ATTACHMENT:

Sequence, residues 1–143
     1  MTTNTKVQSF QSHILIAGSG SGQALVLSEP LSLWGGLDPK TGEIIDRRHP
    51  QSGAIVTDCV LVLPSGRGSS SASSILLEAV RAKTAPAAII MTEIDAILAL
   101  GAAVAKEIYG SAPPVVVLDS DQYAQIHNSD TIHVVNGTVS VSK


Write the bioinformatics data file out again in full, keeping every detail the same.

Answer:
Sequence, residues 1–143
     1  MTTNTKVQSF QSHILIAGSG SGQALVLSEP LSLWGGLDPK TGEIIDRRHP
    51  QSGAIVTDCV LVLPSGRGSS SASSILLEAV RAKTAPAAII MTEIDAILAL
   101  GAAVAKEIYG SAPPVVVLDS DQYAQIHNSD TIHVVNGTVS VSK